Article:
WASHINGTON, D.C. — Candy-makers like The Hershey Co. and Bethlehem's Just Born say the federal government's sugar policy isn't a sweet deal.
Their criticism is one side of a fight in the U.S. Senate that has divided lawmakers not by political party, but over protecting their region's interests.
In Pennsylvania, where candy-making is huge business, U.S. Sen. Pat Toomey, R-Pa., has been at the forefront of an effort to phase out a sugar price-support program that candy companies complain unfairly raises the cost of sugar.
Other lawmakers from the South and Midwest, where sugar cane and sugar beets are grown, say the sugar program is essential to guard U.S. farmers against foreign competition.
Just Born, the local company that makes, among other candies, marshmallow Peeps, is among the confectioners with a vested interest in seeing the sugar program overhauled so it can purchase sugar at lower rates.
Matt Pye, vice president of corporate affairs for Just Born, estimated that 100 million pounds of sweeteners are purchased annually for the company's candy production.
Pye said a reduced price on sugar would allow Just Born to expand and create new products — rather than focus its energies on cost-cutting.
"We don't like to pass on high prices to consumers," Pye said. "For Just Born, it would allow us to invest more — whether in people, capital or our brand, which benefits this area as well as nationally."
Last week, Toomey joined lawmakers from across the political spectrum in support of an amendment to a mammoth farm bill that would have ultimately ended the sugar program. It was tabled, but Toomey is trying again this week with his own version, one that makes substantial changes to the program but doesn't end it completely.
U.S. Rep. Charlie Dent, R-15th District, tried to limit the sugar program through the appropriations process. But his amendment, which would have eliminated government loans for sugar processors whose taxable income exceeds $10 million, also fell short on Tuesday. During a committee vote, Dent had the support of some of the House's most conservative and liberal members.
Jack Roney, director of economics and policy analysis for the American Sugar Alliance, said in a statement that the failure of Dent's amendment would help "beat back" the efforts by Toomey in the Senate.
"This was just another attempt by sugar opponents and the large candy companies they represent to harm sugar farmers, and the committee should be commended for overwhelmingly rejecting this scheme," Roney said.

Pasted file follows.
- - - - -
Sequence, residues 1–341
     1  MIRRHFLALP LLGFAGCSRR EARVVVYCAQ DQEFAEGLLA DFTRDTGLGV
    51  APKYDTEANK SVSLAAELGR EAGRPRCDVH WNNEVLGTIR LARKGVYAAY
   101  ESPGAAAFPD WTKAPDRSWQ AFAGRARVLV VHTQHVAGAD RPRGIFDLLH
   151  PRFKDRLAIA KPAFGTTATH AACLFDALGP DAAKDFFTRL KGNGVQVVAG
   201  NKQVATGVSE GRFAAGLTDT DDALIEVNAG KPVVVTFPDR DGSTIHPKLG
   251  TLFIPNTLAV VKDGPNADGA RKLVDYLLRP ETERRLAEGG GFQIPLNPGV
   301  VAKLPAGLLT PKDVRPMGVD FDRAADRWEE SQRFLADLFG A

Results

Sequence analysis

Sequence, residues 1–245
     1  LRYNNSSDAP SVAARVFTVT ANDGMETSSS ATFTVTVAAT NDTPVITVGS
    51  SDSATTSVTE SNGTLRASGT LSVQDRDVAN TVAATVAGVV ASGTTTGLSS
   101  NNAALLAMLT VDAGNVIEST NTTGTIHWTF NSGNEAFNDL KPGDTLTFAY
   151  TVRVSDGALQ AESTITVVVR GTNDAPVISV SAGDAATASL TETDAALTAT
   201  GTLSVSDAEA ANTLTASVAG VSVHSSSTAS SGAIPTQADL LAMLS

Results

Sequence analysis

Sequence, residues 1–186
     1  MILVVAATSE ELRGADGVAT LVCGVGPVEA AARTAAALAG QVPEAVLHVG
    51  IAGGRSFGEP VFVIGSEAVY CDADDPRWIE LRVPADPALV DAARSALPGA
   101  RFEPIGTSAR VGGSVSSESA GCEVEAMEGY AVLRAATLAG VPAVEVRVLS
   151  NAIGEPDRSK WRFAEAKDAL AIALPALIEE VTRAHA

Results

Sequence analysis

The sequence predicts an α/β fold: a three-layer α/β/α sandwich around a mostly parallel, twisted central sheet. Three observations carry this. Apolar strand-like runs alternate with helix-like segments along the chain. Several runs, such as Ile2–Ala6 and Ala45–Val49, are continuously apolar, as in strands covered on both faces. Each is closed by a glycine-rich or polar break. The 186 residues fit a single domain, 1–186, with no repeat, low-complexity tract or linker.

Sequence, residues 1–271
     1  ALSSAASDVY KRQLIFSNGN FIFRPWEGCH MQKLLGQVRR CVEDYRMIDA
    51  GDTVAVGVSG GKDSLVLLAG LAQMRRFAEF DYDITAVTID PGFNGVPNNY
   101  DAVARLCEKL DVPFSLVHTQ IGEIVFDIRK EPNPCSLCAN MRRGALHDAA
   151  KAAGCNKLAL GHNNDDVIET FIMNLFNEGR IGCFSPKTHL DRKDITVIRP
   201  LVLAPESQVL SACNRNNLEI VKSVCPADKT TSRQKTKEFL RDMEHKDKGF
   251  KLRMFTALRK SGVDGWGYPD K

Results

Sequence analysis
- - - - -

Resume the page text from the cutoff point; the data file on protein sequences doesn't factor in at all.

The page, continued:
The American Sugar Alliance has a powerful lobbying presence on Capitol Hill, spending $1.5 million in 2011 and $400,000 in the first months of 2012 on lobbying, according to OpenSecrets.org.
By comparison, the leading candy association, the National Confectioners Association, of which Just Born is a member, spent $292,000 in 2011 and $100,000 in early 2012 on lobbying.
The longstanding sugar program was created to guarantee the price of domestic sugar by limiting how much can be imported. In 2008, changes were made to the program to account for unrestricted sugar imports from Mexico under the North American Free Trade Agreement. Among other things, it ensured that domestic sugar producers supply at least 85 percent of the sugar for U.S. food and beverage companies.
Judy C. Sanchez, senior director of public affairs at U.S. Sugar, a major sugar cane grower in Florida, said there are more than a hundred countries that produce sugar and are subsidized by their government, so their prices are below market value.
"Our government just provides us protections from the predatory practices of foreign governments," she said.
Both sides say it's a jobs issue. The sugar industry says the program preserves farm jobs. Opponents, including candy companies, consumer groups and the U.S. Chamber of Commerce, say it does more harm to manufacturing jobs and forces candy production overseas.
Susan Smith, a spokeswoman for the National Confectioners Association, said there is only one candy cane-maker and one gumball-maker left in the United States. Hershey has cited high domestic sugar costs as it moved some of its operations to Mexico and Canada.
Toomey and others point to a 2006 U.S. Commerce Department report that found that for every job the sugar program saves, it kills three manufacturing jobs. They also cite a recent study by Iowa State University that determined American consumers would save an estimated $3.5 billion if the sugar program ends.
Hershey, the country's largest chocolate producer, has a political action committee that has given Toomey $1,000 so far this year and gave him $5,000 in 2010 when he was a candidate running for the U.S. Senate, according to Opensecrets.org. Toomey has not received donations from the National Confectioners Association.
The Senate is expected to vote on Toomey's amendment on Wednesday.